Kathrin Hendrich is caught between two worlds. She will have fans on both sides of the border when Germany face Belgium on Sunday — but the defender has no regrets in choosing Germany over her country of birth.
When Germany international Kathrin Hendrich steps on the field against Belgium in Aachen on Sunday, the 28-year old will find a friend rather than a foe facing her on the opposite side of the pitch.
"Because of my story, my dual nationality, I have a special connection to Belgium," Hendrich said. "That's why the game will be special for me."
The match is just a friendly, but Hendrich's ties on both sides of the border run deep. She was born in Eupen, Belgium, located just 16 kilometers (10 miles) from Aachen. Her father is German, her mother is Belgian, and she played football in her birth country until the age of 14, first with her local club Eupen and then with Teutonia Weiden.
She made the jump to Germany in 2009 after joining second division Bundesliga side Bayer Leverkusen. When the club was promoted in 2010, the defender got her first taste of top-flight football. Her performances attracted the attention from both the Belgium and Germany national sides.
"I always watched the Germany national team on TV. We had German television and they always showed the games of the women's national team. Through that I had a special connection," she told reporters, including DW, at a recent press conference before the game. "I would always tell my mom and dad I would rather play for Germany and I stayed with my decision. I'm now happy that I took that road."
It was a natural progression. Hendrich has also represented the Germany national youth sides but she kept tabs on the Belgium team and says they're no walkover.
"They've developed really well in the past years," she said. "We have to step on the gas. They won't make it easy for us."
Of course, Germany also won't make it easy for Belgium. The team is on a roll, having qualified for Euro 2022 with a perfect record last year. They scored 46 goals and only conceded once. But their recent tournament exits show that there is room for improvement.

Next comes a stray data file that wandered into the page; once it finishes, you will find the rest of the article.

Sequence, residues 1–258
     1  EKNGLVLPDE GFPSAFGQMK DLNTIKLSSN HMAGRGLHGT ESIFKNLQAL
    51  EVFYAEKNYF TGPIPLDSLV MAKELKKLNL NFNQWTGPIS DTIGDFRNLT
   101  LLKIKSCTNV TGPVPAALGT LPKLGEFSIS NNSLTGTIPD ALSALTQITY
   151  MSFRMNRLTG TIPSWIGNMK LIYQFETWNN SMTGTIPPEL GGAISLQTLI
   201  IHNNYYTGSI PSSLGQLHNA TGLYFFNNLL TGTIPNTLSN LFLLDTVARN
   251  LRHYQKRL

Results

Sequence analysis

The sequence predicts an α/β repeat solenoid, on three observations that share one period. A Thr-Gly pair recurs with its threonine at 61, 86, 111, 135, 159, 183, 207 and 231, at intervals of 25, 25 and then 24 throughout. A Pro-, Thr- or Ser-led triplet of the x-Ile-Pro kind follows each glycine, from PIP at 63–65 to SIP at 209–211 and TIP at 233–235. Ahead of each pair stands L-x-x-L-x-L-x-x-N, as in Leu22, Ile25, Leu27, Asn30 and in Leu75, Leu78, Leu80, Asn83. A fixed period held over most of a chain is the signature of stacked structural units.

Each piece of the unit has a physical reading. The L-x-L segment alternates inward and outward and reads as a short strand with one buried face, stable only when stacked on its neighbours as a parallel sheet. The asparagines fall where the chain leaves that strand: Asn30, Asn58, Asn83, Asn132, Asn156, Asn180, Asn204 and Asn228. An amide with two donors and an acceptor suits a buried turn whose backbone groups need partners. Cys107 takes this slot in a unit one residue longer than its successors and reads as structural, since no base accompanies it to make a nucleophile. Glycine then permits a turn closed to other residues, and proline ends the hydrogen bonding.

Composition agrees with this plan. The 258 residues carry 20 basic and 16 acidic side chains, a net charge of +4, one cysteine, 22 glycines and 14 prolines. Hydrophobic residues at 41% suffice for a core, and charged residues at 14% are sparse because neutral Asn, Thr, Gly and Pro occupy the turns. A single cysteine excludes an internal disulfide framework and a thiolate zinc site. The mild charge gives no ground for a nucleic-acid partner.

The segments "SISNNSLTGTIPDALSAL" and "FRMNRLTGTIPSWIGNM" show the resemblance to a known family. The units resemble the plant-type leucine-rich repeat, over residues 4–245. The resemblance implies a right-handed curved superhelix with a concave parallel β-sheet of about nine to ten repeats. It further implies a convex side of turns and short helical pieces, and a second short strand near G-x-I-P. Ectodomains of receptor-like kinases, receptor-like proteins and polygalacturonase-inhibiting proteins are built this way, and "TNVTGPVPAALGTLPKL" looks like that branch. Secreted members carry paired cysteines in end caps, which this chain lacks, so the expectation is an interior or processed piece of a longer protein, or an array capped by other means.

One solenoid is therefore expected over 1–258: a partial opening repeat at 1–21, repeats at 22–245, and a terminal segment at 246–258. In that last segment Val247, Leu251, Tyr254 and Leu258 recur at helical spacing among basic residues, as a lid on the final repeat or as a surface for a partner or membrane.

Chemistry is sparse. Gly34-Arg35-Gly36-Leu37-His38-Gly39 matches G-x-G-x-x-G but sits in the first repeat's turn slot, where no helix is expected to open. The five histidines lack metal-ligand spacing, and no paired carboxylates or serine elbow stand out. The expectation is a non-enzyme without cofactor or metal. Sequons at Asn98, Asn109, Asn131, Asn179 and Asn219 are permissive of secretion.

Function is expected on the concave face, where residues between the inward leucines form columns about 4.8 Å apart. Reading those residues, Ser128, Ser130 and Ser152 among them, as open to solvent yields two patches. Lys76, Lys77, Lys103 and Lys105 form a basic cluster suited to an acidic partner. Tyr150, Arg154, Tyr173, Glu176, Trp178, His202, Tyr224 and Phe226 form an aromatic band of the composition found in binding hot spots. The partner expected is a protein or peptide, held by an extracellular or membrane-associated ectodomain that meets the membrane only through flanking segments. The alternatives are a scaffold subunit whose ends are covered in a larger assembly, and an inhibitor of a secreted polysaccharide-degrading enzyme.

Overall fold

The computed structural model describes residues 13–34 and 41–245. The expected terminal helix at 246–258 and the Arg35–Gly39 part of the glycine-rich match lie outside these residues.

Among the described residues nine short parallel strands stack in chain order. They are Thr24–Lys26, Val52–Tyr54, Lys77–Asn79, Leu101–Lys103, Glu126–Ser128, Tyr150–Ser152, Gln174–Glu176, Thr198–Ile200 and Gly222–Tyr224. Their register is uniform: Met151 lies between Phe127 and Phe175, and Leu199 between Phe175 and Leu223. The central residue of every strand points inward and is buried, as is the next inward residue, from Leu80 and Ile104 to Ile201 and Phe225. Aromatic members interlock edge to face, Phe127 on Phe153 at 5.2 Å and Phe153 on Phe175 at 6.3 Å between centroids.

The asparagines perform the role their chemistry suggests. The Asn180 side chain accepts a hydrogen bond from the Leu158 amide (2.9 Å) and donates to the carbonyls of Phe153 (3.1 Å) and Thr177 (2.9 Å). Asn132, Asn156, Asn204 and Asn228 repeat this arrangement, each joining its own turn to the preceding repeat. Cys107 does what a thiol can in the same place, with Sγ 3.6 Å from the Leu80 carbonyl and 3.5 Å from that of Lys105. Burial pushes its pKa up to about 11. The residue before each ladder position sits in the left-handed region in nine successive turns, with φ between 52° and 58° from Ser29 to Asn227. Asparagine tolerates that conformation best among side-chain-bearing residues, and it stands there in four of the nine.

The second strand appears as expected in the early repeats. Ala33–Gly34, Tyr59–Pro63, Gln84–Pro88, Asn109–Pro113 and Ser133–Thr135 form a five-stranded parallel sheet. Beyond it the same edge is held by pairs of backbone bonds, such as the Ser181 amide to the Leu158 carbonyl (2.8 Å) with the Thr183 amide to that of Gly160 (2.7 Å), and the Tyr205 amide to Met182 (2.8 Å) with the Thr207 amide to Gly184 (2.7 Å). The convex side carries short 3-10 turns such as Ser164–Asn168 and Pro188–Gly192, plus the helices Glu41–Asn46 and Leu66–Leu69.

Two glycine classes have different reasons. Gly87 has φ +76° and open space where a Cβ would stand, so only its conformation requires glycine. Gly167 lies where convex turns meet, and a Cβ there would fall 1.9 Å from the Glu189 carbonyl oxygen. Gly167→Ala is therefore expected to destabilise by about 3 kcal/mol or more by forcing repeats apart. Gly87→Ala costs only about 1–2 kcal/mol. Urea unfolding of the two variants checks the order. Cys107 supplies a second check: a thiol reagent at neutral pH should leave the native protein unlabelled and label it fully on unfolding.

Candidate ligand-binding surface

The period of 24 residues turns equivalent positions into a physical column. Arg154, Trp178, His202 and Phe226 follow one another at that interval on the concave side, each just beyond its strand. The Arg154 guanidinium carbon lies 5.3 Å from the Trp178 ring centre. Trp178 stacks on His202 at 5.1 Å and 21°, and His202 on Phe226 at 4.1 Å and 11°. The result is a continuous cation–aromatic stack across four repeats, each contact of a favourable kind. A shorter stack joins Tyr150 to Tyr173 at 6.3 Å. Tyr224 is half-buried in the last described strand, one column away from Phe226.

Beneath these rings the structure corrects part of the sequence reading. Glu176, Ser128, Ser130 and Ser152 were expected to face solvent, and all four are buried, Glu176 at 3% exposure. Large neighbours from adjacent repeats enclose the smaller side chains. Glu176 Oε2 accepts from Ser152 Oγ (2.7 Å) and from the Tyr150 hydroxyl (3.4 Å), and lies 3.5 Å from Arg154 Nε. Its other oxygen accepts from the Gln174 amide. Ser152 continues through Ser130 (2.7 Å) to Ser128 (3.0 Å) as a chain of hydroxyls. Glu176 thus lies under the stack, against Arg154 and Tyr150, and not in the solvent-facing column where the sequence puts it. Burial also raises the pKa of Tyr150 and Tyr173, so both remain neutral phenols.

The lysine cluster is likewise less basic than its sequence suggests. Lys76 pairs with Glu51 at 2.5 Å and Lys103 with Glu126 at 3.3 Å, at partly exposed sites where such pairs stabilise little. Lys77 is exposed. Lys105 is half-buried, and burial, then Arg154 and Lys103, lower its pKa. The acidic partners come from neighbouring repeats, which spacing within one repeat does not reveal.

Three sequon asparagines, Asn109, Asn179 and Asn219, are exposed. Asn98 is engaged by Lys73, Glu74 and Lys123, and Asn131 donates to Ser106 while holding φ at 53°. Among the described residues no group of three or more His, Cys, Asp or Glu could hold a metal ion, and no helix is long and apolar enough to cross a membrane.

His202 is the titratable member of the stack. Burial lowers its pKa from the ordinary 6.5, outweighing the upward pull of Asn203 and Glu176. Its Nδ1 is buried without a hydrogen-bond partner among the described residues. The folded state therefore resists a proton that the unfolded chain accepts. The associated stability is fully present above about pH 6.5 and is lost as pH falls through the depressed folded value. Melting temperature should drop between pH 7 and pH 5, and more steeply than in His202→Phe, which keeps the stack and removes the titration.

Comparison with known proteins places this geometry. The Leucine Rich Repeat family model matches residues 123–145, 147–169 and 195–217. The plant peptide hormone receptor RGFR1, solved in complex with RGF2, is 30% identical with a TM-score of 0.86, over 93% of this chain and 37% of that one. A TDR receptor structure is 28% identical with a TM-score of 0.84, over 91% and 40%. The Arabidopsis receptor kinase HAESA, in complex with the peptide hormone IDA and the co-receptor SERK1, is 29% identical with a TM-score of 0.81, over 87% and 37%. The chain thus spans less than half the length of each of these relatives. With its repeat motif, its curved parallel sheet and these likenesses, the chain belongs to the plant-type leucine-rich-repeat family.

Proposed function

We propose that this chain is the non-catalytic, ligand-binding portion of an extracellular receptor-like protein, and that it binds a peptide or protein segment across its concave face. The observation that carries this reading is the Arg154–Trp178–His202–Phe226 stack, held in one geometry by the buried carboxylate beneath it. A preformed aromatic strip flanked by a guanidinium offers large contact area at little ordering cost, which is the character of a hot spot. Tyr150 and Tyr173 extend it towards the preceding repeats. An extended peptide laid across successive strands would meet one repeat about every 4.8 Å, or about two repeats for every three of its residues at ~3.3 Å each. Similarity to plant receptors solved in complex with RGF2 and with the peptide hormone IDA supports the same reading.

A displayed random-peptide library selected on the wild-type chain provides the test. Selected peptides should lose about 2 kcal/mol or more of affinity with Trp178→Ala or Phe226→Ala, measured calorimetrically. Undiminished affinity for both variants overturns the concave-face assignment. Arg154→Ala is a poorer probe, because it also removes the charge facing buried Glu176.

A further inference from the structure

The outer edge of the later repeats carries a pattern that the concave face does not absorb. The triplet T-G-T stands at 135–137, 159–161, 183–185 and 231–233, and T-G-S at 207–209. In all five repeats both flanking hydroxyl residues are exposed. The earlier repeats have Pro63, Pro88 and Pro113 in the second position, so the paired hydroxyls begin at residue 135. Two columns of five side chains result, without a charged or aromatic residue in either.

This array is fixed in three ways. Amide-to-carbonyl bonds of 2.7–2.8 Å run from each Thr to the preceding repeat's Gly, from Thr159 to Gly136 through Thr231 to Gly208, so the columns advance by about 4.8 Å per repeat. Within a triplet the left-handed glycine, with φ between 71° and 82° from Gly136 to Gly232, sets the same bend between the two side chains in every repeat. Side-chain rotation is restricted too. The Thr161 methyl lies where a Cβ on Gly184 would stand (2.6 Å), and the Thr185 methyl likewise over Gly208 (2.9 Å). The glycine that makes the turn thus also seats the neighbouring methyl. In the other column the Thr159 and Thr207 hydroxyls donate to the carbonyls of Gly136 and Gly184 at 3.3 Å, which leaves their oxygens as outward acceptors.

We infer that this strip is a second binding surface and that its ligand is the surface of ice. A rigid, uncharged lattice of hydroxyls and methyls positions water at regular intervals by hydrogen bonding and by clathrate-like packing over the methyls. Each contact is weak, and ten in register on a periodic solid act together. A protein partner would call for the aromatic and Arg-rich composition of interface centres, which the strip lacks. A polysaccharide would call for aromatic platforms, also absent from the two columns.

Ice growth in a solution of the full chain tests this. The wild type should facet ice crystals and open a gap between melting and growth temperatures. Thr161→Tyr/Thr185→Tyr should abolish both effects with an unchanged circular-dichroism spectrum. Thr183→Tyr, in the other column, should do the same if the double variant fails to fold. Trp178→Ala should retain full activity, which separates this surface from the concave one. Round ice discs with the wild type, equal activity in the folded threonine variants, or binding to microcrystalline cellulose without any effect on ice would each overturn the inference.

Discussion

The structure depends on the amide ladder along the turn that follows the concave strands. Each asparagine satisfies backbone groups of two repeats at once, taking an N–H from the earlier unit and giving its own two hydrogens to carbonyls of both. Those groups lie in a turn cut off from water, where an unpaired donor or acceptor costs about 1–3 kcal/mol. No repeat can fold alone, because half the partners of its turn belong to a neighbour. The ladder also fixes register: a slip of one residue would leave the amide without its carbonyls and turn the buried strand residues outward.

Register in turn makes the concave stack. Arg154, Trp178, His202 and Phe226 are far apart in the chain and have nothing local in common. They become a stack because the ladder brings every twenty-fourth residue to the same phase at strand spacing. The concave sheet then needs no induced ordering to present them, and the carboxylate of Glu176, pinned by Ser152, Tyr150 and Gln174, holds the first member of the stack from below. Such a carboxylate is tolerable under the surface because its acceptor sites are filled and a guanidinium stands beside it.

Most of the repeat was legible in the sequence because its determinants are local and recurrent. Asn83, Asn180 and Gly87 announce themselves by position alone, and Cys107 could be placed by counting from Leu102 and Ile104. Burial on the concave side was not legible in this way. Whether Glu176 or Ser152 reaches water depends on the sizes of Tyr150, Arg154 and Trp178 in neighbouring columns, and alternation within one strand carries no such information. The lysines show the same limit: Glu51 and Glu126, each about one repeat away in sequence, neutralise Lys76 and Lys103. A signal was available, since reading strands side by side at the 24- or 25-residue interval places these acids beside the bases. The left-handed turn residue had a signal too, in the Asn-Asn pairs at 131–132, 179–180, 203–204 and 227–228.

That's where Hendrich comes into play. She's never really established herself as a star name, but she has the flexibility that continues to make her an attractive option for the team, capable of playing in defense and defensive midfield. Then there is her highly successful club career, winning almost every trophy there is to win. With Frankfurt she clinched the Champions League back in 2015 and then made the move to Bayern Munich before joining serial Bundesliga winners Wolfsburg last year.
Hendrich continues to catch the eye of top Bundesliga clubs, but, at the national level, she has remained on the periphery since her making her debut in 2014. She failed to make the final cut for the 2015 World Cup, and, despite being selected for Euro 2017, she only made one appearance. But, even with the ups and downs, Hendrich wouldn't have it any other way.
"I don't regret deciding to play for Germany," she said. "I've now been here for many years and I feel good here. This is a very strong team with a lot of young players that have huge potential, not to mention the seasoned and experienced players. It's an interesting mix. My decision was nothing against Belgium."
Pandemic travel restrictions mean that Germany's team will be without some of their top members playing outside the Bundesliga. That list includes Chelsea's Melanie Leupolz and Ann-Katrin Berger, Arsenal's Leonie Maier, Montpellier's Lena Petermann, and Atletico Madrid's Turid Knaak.
Though Hendrich will have family cheering on both sides of the border, under normal circumstances many of them would have made the short trip to Aachen. But the coronavirus pandemic has made that impossible.
"Of course, it would be nicer if my friends and family were also in the stadium," she said. "I know that my friends and family will be watching on TV and they'll be giving us the thumps-up. Hopefully for us and not Belgium."